Thirty years ago next June, Rocky Flats again made front pages across the country after seventy FBI agents raided the facility, in the first-ever raid of one federal agency by another. The investigators were looking for evidence of environmental crimes at the plant, and the evidence seized starting on June 6, 1989, was subsequently presented to Colorado’s first-ever special grand jury, whose members ultimately decided that they wanted to indict eight individuals, from both the DOE and Rockwell, and charge them with criminal violations. Instead, the Department of Justice sent the grand jurors home, and in March 1992 signed a deal with Rockwell, indemnifying its employees from future charges and fining the corporation $18 million, less than it had made in bonuses in one year of plant operations.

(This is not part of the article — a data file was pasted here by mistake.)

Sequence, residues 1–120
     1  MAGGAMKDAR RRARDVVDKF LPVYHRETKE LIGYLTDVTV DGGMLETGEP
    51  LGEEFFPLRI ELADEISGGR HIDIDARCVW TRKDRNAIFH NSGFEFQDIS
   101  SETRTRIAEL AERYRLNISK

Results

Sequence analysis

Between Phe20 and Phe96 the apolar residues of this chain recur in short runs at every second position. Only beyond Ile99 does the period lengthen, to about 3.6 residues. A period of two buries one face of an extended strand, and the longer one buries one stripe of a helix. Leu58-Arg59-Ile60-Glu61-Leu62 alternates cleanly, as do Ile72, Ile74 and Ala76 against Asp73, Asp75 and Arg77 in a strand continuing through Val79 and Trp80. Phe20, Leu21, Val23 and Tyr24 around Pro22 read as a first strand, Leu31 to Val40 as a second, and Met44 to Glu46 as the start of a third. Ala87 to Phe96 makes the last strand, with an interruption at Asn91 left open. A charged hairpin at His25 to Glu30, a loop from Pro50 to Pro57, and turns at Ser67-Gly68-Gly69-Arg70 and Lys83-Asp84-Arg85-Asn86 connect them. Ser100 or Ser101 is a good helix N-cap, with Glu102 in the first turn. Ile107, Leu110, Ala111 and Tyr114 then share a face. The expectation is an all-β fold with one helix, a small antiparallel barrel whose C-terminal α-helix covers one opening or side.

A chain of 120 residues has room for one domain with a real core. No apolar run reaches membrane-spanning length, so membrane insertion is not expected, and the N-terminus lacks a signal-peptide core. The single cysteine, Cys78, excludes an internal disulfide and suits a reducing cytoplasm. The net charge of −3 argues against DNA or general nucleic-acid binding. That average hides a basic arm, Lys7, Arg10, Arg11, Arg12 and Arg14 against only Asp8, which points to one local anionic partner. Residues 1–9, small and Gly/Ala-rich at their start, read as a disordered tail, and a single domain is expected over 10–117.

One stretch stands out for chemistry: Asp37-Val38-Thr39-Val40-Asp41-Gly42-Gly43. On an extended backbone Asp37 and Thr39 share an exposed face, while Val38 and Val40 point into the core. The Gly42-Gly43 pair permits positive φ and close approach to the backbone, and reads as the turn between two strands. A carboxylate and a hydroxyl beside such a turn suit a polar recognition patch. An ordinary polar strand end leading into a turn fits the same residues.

Rocky Flats through the cleanup years.
Rocky Flats through the cleanup years.
colorado.gov

After the raid, Rocky Flats never made another trigger; it was shut down entirely in 1992, and the country’s biggest Superfund site was slated for cleanup. After nearly ten years and $7 billion, the job was declared complete. Some of the plant’s most contaminated rubble was buried seventy feet below the ground in the Central Operable Unit; the land in the Peripheral Operable Unit was turned over to Fish and Wildlife to revamp as a wildlife refuge, much like the Rocky Mountain Arsenal two decades earlier.